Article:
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Concert Review: Stardeath and White Dwarfs (Austin/Denton, 3/12-3/13)

March 23, 2010

I’ll freely admit to the fact that I haven’t listened to any Stardeath and White Dwarfs other than the tracks they provided for The Flaming Lips‘ recent retake of Dark Side of the Moon, so seeing them at the Austin Music Hall and at the Big NX35 Saturday Show a couple of weeks ago was really the first time I’d listened to any of their solo work.  That being said, I’ve read quite a bit about the band and was pretty excited to see them perform live twice in a row.

Touring in support of the Lips (and with well-publicized connections to the legendary band), Stardeath is on the road promoting their 2009 full-length debut album The Birth, an experimental and atmospheric venture into psychedelic rock.  Both of their fairly short sets began with covers of Black Sabbath’s loving ode to pot “Sweet Leaf”, before moving on to songs from The Birth like “The Sea is on Fire,” and “Age of the Freak.”  Both nights, Stardeath ended their run with a slowed-down and wigged-out version of Madonna’s “Borderline” that they re-worked with assistance from The Flaming Lips.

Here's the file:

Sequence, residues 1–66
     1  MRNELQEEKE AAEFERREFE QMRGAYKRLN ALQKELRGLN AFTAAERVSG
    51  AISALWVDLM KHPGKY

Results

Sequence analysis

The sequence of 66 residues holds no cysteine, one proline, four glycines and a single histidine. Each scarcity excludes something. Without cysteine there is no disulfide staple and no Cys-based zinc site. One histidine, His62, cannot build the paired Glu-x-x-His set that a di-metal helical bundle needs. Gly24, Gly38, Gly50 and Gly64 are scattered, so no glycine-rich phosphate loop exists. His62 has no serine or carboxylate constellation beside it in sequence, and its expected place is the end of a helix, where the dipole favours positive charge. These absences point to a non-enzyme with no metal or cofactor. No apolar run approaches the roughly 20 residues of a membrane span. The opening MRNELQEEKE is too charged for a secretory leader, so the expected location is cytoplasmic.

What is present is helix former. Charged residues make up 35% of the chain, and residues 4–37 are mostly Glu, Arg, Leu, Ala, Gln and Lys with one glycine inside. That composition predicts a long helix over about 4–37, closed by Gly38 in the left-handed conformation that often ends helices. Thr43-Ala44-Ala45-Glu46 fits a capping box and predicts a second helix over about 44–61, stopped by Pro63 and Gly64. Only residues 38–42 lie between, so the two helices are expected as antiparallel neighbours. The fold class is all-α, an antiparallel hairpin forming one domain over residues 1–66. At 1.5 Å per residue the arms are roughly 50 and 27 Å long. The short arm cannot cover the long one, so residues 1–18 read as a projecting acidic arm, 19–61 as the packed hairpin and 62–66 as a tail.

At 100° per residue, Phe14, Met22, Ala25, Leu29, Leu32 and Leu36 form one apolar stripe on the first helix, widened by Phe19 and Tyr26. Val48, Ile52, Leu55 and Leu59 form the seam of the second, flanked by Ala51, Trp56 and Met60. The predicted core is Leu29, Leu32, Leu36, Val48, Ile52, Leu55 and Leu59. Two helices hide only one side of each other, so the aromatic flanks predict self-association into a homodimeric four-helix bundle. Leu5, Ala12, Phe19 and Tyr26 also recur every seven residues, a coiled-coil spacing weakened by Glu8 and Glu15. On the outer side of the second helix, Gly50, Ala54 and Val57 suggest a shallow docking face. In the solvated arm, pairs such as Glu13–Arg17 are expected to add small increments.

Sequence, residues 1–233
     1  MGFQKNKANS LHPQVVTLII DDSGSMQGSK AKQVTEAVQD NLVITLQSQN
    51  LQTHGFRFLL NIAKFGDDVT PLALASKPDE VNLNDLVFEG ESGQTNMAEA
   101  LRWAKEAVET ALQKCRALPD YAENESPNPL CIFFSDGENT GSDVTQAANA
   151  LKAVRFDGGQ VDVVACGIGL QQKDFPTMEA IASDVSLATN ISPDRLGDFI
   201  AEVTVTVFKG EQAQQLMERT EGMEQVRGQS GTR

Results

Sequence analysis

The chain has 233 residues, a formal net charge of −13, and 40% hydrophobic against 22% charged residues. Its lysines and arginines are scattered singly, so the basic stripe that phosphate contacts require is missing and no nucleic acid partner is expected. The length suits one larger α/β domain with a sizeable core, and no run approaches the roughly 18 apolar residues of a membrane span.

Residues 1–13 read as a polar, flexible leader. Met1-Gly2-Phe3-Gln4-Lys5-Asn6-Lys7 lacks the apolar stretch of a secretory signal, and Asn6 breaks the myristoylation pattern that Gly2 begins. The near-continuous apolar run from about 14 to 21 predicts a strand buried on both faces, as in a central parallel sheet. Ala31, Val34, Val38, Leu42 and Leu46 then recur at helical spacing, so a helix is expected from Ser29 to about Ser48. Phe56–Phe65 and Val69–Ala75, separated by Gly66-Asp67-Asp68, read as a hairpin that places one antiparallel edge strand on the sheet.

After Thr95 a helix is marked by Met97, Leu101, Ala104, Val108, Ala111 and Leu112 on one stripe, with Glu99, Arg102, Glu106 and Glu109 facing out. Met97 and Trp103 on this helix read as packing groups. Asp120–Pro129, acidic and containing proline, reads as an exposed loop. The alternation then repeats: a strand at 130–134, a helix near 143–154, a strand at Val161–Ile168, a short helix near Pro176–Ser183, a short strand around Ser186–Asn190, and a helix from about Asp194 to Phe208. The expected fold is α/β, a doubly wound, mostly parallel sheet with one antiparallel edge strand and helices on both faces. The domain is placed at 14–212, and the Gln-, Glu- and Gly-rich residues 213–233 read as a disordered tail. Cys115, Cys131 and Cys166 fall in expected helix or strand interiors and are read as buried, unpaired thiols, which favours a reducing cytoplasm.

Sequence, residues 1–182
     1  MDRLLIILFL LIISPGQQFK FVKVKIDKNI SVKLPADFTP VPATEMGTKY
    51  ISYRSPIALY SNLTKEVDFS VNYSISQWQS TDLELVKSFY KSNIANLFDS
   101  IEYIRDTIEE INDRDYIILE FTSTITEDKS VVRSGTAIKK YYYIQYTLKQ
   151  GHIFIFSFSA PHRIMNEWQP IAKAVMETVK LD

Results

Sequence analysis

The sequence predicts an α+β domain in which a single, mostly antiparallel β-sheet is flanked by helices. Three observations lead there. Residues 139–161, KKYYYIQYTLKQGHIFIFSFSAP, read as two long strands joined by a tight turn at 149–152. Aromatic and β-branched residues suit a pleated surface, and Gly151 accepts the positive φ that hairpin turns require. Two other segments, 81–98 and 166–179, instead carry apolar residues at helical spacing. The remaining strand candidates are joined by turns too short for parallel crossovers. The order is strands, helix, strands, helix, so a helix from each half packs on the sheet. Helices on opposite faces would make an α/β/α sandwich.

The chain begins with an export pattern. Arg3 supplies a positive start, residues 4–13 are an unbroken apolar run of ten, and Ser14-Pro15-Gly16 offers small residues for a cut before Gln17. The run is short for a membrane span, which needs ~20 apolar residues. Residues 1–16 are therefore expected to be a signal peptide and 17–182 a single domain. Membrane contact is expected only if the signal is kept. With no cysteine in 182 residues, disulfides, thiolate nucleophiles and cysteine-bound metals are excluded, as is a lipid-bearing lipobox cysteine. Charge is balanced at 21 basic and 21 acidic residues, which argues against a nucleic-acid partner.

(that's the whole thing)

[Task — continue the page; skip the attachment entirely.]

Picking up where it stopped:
As for the “reviewing” part of this review, I have to admit that at the Austin Music Hall, the crowd didn’t really seem to be into Stardeath.  I suspect a large part of that might have been because we were also being visually assaulted with strobes and flashing lights for pretty much their entire show.  Every time I looked around me, people were looking down or shielding their eyes from the lights.  Seriously, those lights were harshing my buzz; it made paying attention to the music harder than it should have been.

At NX35, the crowd hadn’t filled completely out by the time Stardeath hit the stage, but being that it was outdoors, the light show came out a bit better than the night before.

While Stardeath is a relatively young band and it sometimes shows on stage, there’s no denying their musicianship.  Their show might be one of the rare instances where I enjoyed the extended jams more than the actual songs.  Having had the benefit of working with and around The Flaming Lips for so long certainly has its advantages, and when Stardeath starts rocking out, they really know what they’re doing.

Stardeath and White Dwarfs is one of those bands to watch; they’re currently covering a territory where very few other new bands reside, and they’re already performing their tunes well.  As they grow with the experience of touring, I have no doubt that they’ll be an amazing band.

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